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Posted (edited)
4 hours ago, Geeman said:

As we are seeing mote of it appearing in the threads, I have to ask.

Clothing from sites like Taobao  and brands like Bob Dong, look great but what's the quality like and are they ethically made?

Chinese manufacturing = Ethics?

Interesting question.

My guess is they are as ethically made as early Levi’s in the  late 1800’s US garment industry (meaning not much) so the Chinese products are true “repros” in that sense...Lol

There is a bit of exploitation sewn into every pair. 

 

Edited by Pedro

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I'm casting no stones at people wearing them but as opposed to repro's are they just copying MF, Sugarcane etc designs and churning out cheap copies? H&M for denim heads?

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Posted (edited)

Early Uniqlo selvaged denims were cheap but quite nice (i.e. Shuttle (these were made in China), Made In Japan series etc), but the current selvaged denims contains 1 or 2% of Elastine for stretching which is off-putting to me.

 

amij.jpg

Edited by Naoto Ver.2

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I tried out the Taobao thing once and was spurned by insanely inaccurate sizing. I also found the transit times to be very long. I bought like 5 things and only one worked out, so it was a waste of money. I doubt I’ll try it again to be honest.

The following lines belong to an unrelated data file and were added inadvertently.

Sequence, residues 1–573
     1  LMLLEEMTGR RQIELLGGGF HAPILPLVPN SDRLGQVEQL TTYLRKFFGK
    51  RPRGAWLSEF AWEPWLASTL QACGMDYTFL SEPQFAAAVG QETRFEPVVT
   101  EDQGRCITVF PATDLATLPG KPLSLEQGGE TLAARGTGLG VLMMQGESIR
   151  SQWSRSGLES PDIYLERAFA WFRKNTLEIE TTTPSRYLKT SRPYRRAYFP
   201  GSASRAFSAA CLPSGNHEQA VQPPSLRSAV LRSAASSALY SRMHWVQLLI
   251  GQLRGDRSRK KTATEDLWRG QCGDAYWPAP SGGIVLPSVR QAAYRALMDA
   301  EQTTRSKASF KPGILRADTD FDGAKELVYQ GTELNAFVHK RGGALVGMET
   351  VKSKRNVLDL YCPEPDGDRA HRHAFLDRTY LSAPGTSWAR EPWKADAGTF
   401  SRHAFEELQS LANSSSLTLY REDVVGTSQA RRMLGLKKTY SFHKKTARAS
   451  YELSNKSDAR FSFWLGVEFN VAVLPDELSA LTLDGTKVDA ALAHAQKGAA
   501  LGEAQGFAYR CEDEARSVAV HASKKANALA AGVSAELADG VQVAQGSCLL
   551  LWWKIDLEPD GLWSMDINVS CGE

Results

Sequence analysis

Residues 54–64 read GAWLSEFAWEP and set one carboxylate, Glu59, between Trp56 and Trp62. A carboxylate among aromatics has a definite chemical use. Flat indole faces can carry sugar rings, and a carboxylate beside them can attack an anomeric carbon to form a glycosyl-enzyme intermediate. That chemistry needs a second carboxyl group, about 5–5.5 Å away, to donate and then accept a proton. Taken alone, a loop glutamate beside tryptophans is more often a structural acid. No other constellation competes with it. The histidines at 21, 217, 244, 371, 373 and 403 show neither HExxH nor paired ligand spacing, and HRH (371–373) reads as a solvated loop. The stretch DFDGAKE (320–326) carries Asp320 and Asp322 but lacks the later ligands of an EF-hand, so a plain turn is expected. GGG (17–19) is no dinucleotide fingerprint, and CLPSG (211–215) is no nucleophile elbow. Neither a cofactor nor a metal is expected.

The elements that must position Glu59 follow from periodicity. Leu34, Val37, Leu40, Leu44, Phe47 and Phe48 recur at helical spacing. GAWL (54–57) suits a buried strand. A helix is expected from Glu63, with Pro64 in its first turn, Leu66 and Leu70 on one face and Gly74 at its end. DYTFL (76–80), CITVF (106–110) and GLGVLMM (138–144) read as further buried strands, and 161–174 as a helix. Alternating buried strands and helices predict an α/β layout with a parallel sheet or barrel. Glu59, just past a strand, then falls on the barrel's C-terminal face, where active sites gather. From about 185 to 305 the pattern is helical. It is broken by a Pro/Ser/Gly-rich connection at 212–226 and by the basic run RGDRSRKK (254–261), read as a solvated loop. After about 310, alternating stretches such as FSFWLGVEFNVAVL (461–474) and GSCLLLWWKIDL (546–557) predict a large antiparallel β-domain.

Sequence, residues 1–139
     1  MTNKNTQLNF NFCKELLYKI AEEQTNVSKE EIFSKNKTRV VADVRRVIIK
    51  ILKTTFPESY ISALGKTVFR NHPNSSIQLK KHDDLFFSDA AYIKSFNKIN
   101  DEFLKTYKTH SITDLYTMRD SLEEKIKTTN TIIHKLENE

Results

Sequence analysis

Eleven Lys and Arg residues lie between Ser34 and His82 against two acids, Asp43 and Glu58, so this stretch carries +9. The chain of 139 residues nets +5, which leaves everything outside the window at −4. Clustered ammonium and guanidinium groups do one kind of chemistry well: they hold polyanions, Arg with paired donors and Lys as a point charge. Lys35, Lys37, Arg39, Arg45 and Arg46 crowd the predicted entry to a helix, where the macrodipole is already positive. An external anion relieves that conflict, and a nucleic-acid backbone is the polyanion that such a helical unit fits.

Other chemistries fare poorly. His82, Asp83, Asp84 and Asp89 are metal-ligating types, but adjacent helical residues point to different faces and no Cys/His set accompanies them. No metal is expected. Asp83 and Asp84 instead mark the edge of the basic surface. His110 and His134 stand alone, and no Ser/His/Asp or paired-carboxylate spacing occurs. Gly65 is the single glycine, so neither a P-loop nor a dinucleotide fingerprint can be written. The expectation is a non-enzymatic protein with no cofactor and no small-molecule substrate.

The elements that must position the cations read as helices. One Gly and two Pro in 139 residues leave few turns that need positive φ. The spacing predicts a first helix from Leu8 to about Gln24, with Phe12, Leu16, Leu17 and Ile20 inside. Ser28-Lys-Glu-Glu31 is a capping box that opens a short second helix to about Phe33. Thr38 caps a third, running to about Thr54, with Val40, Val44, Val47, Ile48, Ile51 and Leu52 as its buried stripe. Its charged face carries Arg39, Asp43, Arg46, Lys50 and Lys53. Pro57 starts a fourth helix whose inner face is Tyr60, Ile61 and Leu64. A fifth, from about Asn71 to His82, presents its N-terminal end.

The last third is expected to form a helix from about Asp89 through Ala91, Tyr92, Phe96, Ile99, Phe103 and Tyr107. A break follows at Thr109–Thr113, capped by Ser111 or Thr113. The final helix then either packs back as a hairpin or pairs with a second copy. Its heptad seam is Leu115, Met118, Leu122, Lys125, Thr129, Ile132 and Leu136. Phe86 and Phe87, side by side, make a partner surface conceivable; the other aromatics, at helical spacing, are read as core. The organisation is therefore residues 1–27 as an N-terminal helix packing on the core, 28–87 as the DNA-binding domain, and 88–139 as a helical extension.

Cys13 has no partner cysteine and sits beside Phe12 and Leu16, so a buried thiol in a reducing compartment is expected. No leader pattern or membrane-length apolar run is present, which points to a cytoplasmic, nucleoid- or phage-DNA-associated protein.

As far as ethics go that might be a different discussion. Makes me wonder if these Chinese repro brands are trying to make things ethically or not. Given the prices it makes me think that they aren’t.

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Posted (edited)

I'll throw in an opposing opinion: to the extent to which some stores' descriptions can be trusted, it does seem like some of the Chinese companies (Sauce Zhan and Bob Dong come to mind) are operated out of smallish workshops by skilled craftspeople, and in that sense I don't think it's unreasonable to think they might be acting pretty ethically. The prices are stupidly low because the costs of living and doing business are stupidly low for the folks running them; there's no need for that to reflect directly on the manufacturing process.

Edited by julian-wolf

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That is true, I don’t doubt that some of them are running things as ethically as possible. I just wouldn’t be surprised if there were some out there that are not.

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Agreed, Sauce Zahn was not included in my question as I read about them before. Bob Dong and Taobao are unknown to me hence the question. 

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Posted (edited)